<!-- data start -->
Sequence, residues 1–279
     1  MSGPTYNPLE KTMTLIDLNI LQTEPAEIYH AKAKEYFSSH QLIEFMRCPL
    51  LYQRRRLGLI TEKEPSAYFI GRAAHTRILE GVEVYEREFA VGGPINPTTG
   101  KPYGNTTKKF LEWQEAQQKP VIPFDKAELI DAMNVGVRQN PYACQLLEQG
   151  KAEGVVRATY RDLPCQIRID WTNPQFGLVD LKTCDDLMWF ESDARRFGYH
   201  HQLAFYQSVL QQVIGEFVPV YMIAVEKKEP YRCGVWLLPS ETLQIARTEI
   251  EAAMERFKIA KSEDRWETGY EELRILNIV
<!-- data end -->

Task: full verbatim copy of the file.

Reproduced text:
Sequence, residues 1–279
     1  MSGPTYNPLE KTMTLIDLNI LQTEPAEIYH AKAKEYFSSH QLIEFMRCPL
    51  LYQRRRLGLI TEKEPSAYFI GRAAHTRILE GVEVYEREFA VGGPINPTTG
   101  KPYGNTTKKF LEWQEAQQKP VIPFDKAELI DAMNVGVRQN PYACQLLEQG
   151  KAEGVVRATY RDLPCQIRID WTNPQFGLVD LKTCDDLMWF ESDARRFGYH
   201  HQLAFYQSVL QQVIGEFVPV YMIAVEKKEP YRCGVWLLPS ETLQIARTEI
   251  EAAMERFKIA KSEDRWETGY EELRILNIV